“We were actually quite good in the last 10 minutes of that half. We came into it and we could have been in front. But if I’d played Park against Messi, I think we’d have beat them. I really do.”
But we have to disagree with Ferguson on this occasion. While Park famously man marked Andrea Pirlo out of a game in 2010, nobody was going to stop Messi on that night.
🗣️ Guardiola: "Lionel is the best player I have ever seen, probably the best player I will see."
— UEFA Champions League (@ChampionsLeague) January 19, 2021
Tottenham played at Wembley while their new stadium was being built and they were drawn against Barcelona in the Champions League group stages in 2018-19.
“It’s very clear, very simple, we need to be near him when he’s about to get the ball,” Spurs manager Mauricio Pochettino said before the game at Wembley when asked how to contain Messi.
“If we leave him space in a one-to-one, he will get away from his marker. We will need to have our lines together. Ideally, we would like to anticipate the pass because if he gets the ball he will get off his marker.”
But stopping Messi is a lot easier said than done.
The Argentina international pulled the strings from the first minute at Wembley as his calculated through-ball dissected the Spurs defence in the build-up to Philippe Coutinho’s opener. Ivan Rakitic then made it 2-0 with a stunning volley,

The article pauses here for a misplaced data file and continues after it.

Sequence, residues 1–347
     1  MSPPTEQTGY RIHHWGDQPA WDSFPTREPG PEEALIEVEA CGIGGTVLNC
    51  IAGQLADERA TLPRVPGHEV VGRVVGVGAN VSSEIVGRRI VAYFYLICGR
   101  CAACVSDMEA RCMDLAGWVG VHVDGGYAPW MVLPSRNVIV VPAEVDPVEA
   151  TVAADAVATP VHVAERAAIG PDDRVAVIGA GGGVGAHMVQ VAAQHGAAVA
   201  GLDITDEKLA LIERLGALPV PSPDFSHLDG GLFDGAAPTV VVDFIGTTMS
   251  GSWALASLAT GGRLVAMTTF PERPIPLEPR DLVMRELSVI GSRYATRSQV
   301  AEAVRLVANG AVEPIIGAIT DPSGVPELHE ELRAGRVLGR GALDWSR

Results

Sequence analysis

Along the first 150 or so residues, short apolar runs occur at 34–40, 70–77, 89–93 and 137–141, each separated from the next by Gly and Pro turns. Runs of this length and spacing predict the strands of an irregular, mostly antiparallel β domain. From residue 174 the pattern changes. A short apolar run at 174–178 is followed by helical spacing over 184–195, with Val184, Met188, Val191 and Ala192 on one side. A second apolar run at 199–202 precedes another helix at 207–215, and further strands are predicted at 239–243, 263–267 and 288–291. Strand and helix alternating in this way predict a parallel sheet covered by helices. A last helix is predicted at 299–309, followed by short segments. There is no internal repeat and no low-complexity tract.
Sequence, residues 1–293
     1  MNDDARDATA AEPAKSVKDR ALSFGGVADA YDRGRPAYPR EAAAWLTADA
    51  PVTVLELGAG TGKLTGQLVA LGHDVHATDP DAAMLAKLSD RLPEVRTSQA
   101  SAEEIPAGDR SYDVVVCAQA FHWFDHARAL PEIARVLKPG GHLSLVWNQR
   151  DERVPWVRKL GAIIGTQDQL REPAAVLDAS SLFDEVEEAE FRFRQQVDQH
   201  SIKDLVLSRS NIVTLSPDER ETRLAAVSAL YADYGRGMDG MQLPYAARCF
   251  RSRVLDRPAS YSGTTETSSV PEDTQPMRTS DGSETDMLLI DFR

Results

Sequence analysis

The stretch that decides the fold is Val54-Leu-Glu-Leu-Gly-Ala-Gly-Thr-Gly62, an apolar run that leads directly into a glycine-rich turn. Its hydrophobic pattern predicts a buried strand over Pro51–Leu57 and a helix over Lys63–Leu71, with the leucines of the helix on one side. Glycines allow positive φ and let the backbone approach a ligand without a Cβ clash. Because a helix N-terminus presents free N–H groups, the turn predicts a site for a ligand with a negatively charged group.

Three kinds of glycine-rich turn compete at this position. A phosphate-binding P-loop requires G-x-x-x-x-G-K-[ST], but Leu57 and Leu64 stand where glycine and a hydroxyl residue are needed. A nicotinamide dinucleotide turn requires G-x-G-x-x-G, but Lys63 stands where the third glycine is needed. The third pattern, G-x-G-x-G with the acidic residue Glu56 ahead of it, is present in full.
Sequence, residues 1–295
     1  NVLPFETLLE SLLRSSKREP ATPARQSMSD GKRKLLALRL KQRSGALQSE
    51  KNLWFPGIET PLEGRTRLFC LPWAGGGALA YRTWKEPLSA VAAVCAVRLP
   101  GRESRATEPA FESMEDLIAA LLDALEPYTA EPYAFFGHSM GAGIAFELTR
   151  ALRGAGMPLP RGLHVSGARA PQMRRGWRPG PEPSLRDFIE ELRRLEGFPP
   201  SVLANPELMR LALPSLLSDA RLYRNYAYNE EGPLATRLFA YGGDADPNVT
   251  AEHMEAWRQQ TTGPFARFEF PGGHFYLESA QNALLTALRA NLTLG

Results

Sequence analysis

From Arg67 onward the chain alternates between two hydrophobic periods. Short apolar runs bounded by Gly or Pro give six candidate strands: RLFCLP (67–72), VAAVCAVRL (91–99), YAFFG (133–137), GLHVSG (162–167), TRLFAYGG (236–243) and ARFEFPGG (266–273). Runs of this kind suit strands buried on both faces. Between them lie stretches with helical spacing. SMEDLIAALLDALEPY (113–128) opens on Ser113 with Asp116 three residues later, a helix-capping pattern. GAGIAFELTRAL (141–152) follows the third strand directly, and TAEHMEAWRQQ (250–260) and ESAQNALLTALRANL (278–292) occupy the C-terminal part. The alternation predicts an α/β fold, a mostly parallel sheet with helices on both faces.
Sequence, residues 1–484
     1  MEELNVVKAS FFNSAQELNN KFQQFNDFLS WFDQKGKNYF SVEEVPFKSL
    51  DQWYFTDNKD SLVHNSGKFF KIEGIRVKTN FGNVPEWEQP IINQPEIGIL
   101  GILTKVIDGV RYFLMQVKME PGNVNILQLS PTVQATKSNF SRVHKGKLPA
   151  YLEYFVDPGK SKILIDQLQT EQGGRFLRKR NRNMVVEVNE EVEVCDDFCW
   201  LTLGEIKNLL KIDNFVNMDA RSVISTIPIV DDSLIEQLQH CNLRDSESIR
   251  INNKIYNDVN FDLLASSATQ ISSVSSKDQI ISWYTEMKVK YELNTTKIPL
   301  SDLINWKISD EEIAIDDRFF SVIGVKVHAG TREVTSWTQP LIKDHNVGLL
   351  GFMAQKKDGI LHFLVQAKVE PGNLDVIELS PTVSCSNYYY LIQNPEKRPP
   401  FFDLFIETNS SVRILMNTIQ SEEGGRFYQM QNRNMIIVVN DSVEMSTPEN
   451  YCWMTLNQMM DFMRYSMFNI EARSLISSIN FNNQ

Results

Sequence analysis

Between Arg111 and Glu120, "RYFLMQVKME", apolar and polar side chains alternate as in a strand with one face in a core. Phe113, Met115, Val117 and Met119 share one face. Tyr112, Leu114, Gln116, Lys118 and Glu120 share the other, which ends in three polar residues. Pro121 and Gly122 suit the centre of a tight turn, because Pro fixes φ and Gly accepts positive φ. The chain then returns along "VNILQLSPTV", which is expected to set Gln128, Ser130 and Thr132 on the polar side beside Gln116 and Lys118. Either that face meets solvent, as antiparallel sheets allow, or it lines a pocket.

Despite the Wembley playing surface being noticeably below par, Messi still showcased his dribbling skills and struck the base of the post twice in three minutes at the start of the second half.
After Harry Kane pulled a goal back for Spurs, Jordi Alba crossed the ball into the penalty area moments later and it was beautifully placed into the bottom corner by Messi.
Erik Lamela made it 3-2 but Barcelona’s No.10 had the final say, firing past Hugo Lloris with a simple strike after Luis Suarez’s brilliant dummy.
“I think we can talk about Tottenham and their efforts later on but you have to marvel at this guy here,’ Ferdinand, who was now in the comfort of the BT Sport studio, said after Messi was named Man of the Match.